Flexible staffing—the use of external talent from outsourcing providers or independent freelancers—has been a staple of customer service for decades. But the pandemic may well be the first time that the redeployment of in-house talent from other departments has occurred on a relatively large scale.

Both approaches, externally and internally sourced, constitute the core of what we call “gig customer-experience operations,” or Gig CX. And it behooves companies from across the industry spectrum to consider making this strategy a part of their regular operations. In this article, we explore the pros and cons of Gig CX and identify four essential elements that must be in place to make it work. more>

Want to Try a New Ride Into Space? Fly a 3D Printed Rocket

3D printing may offer a way of building a rocket with a fast manufacturing turnaround and less cost than traditional manufacturing.
By Rob Spiegel – 3D printing may offer a way of building a rocket with a fast manufacturing turnaround and less cost than traditional manufacturing.

Soon, the quickest and cheapest ride into space may not be in the hands of SpaceX, Virgin Galactic, or Blue Origin. It may be in the hands of a 3D printing company.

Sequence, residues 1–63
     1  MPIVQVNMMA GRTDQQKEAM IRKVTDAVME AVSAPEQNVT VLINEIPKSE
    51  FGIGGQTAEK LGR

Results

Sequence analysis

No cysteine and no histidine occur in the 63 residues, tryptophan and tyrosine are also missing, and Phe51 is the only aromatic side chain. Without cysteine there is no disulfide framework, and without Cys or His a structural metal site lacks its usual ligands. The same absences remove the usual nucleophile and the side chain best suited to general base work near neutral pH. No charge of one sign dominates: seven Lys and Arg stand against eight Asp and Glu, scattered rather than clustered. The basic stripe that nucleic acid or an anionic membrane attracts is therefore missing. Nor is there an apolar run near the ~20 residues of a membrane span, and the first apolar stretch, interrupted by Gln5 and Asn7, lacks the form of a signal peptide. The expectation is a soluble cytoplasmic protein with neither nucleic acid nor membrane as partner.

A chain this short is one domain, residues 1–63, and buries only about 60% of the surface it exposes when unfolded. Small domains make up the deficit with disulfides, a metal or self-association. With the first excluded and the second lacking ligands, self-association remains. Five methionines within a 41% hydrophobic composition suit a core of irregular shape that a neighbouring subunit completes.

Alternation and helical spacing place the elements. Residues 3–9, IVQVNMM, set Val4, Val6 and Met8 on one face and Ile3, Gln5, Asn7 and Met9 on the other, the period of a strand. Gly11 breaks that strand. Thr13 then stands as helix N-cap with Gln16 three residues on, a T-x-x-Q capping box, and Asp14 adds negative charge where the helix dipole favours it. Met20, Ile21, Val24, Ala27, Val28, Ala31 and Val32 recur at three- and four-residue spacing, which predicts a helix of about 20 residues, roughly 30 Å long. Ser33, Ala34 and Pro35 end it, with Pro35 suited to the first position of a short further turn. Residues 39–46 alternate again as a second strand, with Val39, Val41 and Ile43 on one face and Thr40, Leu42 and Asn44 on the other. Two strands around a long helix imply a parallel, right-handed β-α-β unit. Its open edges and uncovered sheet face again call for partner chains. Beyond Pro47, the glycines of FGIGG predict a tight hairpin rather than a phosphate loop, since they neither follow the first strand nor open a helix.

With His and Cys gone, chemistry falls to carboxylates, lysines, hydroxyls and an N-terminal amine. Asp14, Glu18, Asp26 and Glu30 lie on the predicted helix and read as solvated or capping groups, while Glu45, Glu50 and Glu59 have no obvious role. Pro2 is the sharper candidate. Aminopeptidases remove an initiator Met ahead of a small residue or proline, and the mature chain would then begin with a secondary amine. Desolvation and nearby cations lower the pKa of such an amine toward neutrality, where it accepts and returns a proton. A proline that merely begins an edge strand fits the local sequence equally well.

3D printing may offer a way of building a rocket with a fast manufacturing turnaround and less cost than traditional manufacturing.

Soon, the quickest and cheapest ride into space may not be in the hands of SpaceX, Virgin Galactic, or Blue Origin. It may be in the hands of a 3D printing company.

Relativity Space is an L.A.-based American aerospace manufacturer founded in 2015 by Tim Ellis and Jordan Noone. Relativity Space is developing manufacturing technologies, launch vehicles, and rocket engines for commercial orbital launch services using 3D printing. more>